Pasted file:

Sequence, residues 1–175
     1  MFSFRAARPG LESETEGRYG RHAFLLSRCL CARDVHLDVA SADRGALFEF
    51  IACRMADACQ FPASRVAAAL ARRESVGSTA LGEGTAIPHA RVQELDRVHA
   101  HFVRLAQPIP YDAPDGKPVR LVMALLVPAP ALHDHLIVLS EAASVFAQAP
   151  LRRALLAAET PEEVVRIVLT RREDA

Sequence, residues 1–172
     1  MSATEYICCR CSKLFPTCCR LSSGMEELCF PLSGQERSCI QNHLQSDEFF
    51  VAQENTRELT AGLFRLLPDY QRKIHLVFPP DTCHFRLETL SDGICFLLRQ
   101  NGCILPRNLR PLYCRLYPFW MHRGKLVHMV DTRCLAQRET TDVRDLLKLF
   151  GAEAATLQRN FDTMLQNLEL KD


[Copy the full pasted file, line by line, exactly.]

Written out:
Sequence, residues 1–175
     1  MFSFRAARPG LESETEGRYG RHAFLLSRCL CARDVHLDVA SADRGALFEF
    51  IACRMADACQ FPASRVAAAL ARRESVGSTA LGEGTAIPHA RVQELDRVHA
   101  HFVRLAQPIP YDAPDGKPVR LVMALLVPAP ALHDHLIVLS EAASVFAQAP
   151  LRRALLAAET PEEVVRIVLT RREDA

Sequence, residues 1–172
     1  MSATEYICCR CSKLFPTCCR LSSGMEELCF PLSGQERSCI QNHLQSDEFF
    51  VAQENTRELT AGLFRLLPDY QRKIHLVFPP DTCHFRLETL SDGICFLLRQ
   101  NGCILPRNLR PLYCRLYPFW MHRGKLVHMV DTRCLAQRET TDVRDLLKLF
   151  GAEAATLQRN FDTMLQNLEL KD